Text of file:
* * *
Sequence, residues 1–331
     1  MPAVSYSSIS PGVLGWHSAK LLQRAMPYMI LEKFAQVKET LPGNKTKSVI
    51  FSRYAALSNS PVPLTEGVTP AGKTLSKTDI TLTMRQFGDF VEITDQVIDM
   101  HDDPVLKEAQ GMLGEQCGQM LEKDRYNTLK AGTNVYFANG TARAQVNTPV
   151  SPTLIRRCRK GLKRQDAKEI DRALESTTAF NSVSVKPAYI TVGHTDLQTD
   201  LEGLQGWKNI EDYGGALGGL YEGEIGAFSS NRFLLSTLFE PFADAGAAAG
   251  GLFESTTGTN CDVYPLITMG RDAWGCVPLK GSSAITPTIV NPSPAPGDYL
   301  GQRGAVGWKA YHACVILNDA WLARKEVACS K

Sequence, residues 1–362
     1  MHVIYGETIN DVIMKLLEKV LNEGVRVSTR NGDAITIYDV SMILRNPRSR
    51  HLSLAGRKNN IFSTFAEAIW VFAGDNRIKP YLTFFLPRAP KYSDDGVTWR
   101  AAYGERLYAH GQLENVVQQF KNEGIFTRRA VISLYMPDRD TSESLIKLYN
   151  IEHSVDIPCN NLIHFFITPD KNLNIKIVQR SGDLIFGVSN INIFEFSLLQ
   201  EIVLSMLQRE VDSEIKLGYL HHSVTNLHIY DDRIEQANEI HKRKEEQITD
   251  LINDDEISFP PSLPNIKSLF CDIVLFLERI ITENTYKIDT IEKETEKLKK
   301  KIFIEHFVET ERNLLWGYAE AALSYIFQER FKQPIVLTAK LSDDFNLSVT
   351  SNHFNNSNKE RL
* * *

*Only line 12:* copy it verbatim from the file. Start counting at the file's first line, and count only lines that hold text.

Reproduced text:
   101  AAYGERLYAH GQLENVVQQF KNEGIFTRRA VISLYMPDRD TSESLIKLYN